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Knee and Hip Arthritis

Posted 12/20/2017 by UHBlog

Does taking a short walk or navigating your stairway cause excruciating knee or hip pain? Talk to us about what can you do about it.

Man clutching knee

An estimated 7 million American men and women live with artificial knees or hips as of 2015, according to a study published in The Journal of Bone and Joint Surgery.

However, says orthopedic surgeon William Petersilge, MD, only about one of every five patients who suffers from arthritis of the knee or hip are treated with surgery, despite the fact that an increasing number of people are getting knee and hip replacements.

Depending on the extent of your pain and the impact on your daily function, you're most likely to be treated with oral pain medications, then with injections, before surgical options are considered, Dr. Petersilge says.

According to Dr. Petersilge, arthritis is a broad term that includes a variety of painful conditions that may be treated with a replacement joint. Osteoarthritis is a condition caused by the breakdown of joint cartilage and underlying bone in a joint. The breakdown can take years with no or little pain, but once the cartilage wears through, the pain can be sudden and severe.

“The cartilage covering doesn’t have nerves, so as the knee starts to wear a person doesn’t feel pain symptoms,” he says. “As the cartilage wears through, the bones, which do have nerves, can rub together and cause intense pain.”

Initially, an orthopedic surgeon may suggest exercises to strengthen the joint, weight loss, when appropriate, to reduce the load on a patient’s joints, and prescribe medication or other pain relief methods.

“Subsequent treatment could include injecting medications – such as corticosteroids – into the joint to reduce pain and swelling or, alternatively, using a series of lubricant or 'gel injections' to increase lubrication and reduce pain,” Dr. Petersilge says. “Patients who are not adequately responding to that second tier of management may be candidates to consider surgical treatment.”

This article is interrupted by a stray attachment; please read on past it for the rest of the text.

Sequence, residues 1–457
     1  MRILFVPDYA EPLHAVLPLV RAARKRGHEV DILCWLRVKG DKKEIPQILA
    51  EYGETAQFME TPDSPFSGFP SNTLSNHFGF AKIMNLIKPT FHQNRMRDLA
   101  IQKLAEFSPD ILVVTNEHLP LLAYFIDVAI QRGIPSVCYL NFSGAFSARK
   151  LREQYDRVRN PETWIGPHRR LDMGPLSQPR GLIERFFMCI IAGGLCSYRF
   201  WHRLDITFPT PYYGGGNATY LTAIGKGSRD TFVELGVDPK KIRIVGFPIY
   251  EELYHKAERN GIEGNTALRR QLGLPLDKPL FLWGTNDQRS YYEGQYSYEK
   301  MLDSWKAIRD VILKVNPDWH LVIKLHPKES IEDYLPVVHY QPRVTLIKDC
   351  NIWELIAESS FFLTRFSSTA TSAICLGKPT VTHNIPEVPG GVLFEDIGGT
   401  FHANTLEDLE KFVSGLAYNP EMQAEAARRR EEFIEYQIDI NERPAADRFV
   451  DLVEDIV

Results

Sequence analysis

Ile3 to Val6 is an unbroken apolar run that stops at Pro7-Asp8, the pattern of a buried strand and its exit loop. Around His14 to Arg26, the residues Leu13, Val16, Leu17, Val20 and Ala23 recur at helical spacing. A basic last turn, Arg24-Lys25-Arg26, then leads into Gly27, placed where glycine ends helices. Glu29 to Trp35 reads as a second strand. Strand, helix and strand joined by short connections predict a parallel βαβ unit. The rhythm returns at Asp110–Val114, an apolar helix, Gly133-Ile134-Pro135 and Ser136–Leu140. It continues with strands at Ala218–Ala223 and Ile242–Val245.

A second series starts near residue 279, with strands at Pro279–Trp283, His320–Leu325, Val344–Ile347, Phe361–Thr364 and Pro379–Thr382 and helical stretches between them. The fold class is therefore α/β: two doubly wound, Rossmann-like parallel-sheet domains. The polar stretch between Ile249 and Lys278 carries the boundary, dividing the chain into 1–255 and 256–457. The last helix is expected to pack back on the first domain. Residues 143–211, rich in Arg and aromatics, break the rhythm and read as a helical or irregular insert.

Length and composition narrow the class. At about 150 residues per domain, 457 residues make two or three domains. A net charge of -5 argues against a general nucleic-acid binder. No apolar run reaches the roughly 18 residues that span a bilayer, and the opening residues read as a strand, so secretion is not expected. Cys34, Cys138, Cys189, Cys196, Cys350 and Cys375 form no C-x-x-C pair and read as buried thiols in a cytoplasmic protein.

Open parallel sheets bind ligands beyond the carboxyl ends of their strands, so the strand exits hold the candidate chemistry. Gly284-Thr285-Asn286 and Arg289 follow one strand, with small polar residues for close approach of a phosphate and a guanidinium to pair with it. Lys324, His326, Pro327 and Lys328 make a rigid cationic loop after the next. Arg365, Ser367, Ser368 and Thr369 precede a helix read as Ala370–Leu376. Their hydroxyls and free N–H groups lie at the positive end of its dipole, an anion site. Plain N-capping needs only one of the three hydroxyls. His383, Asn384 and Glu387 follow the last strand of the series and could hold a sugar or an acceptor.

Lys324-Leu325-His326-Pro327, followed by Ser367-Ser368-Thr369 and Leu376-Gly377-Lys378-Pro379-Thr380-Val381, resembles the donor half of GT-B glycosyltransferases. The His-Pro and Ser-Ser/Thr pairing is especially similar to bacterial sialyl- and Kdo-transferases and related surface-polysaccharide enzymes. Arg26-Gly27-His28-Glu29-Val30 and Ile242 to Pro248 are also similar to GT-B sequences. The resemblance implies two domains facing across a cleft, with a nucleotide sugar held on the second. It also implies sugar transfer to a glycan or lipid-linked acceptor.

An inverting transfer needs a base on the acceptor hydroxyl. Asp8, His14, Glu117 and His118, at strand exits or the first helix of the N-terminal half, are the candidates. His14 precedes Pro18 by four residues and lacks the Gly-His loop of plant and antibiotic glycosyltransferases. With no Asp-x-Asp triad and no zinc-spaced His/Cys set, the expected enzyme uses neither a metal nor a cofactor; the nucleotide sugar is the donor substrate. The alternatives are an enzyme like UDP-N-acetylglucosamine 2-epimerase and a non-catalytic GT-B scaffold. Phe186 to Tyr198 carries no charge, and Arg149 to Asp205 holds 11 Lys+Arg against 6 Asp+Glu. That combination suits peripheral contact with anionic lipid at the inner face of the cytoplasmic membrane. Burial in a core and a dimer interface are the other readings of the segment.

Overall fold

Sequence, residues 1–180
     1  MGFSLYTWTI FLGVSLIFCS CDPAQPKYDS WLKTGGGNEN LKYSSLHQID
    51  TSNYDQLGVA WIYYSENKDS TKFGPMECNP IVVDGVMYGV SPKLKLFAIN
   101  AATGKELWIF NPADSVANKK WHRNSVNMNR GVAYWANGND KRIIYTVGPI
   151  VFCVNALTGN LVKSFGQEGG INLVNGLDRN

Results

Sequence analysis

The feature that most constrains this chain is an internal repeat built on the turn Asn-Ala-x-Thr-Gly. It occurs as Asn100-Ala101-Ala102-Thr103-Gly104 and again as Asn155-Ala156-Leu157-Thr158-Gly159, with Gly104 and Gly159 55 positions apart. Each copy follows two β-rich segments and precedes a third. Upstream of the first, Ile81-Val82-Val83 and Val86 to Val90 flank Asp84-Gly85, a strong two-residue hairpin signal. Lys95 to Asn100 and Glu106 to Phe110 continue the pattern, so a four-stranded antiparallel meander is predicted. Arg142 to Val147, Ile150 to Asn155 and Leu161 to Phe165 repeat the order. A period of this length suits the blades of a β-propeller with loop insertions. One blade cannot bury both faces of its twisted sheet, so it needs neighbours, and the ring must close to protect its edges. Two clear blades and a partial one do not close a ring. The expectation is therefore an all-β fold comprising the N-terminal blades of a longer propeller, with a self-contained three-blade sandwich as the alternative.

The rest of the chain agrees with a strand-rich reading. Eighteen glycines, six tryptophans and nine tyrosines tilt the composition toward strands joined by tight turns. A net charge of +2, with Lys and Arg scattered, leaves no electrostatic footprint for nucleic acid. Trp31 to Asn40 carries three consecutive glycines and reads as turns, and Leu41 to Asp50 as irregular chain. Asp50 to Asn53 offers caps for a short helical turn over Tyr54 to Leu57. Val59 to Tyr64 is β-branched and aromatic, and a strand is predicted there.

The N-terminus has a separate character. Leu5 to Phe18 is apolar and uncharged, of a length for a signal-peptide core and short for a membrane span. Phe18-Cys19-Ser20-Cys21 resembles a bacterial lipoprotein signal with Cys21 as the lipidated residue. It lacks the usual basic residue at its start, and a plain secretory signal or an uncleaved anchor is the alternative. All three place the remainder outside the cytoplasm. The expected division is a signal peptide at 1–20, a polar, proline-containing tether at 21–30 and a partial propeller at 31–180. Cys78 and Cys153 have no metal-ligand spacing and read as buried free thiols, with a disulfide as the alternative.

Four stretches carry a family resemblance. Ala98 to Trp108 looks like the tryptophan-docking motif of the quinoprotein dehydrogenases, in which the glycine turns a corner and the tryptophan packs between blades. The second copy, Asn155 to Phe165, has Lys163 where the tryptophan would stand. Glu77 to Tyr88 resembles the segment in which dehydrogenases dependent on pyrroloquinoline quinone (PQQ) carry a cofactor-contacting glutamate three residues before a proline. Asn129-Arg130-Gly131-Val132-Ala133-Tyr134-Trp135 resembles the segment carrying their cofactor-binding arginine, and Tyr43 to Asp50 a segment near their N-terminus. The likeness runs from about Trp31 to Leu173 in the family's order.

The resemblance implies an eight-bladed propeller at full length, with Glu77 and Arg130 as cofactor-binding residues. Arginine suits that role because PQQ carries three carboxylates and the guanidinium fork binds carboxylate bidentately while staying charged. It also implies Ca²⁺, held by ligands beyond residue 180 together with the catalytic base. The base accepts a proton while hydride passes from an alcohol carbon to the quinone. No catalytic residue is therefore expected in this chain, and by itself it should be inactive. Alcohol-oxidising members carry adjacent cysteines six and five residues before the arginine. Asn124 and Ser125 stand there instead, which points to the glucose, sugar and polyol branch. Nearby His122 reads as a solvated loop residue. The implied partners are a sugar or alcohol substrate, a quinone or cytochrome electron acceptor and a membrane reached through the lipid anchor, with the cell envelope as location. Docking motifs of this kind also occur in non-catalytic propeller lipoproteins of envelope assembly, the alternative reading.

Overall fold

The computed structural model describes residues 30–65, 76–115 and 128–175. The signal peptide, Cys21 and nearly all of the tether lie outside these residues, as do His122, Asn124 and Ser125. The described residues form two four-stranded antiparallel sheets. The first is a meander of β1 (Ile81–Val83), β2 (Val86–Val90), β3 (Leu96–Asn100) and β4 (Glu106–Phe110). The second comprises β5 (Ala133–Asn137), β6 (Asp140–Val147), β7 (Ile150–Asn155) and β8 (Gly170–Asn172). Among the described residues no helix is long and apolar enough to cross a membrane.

Injections are typically done three to four times a year, and if successful, may be used to control symptoms for several years.

“Unfortunately, it's not a cure, but rather a way to manage pain,” he says. “Eventually as the arthritis gets worse, these treatments become less effective.”

Surgical options for people over the age of 65 usually involve joint replacements, since their condition is more likely to result from osteoarthritis. Younger patients, he says, may suffer from a variety of other conditions that can be managed without replacing a joint.

However, Dr. Petersilge notes, younger patients are opting for artificial joints with increasing frequency.

“One reason is that the life span of the replacement joints has improved so much since we started to use them,” he says. “Thirty years ago, they were expected to last eight to 10 years, so replacing a joint in somebody at age 50 made no sense at all, because they would be back multiple times. They are now lasting 25 to 30 years, so it is more reasonable to consider.”

Dr. Petersilge says maintaining an appropriate weight and doing plenty of exercise during one’s younger years can help to reduce the risks of developing knee or hip arthritis.

“If you keep your muscles strong, you have a better chance to prevent joint injuries,” he says.

William Petersilge, MD is an orthopedic surgeon and division chief of orthopedic surgery at University Hospitals Ahuja Medical Center. You can request an appointment with Dr. Petersilge or any doctor online.

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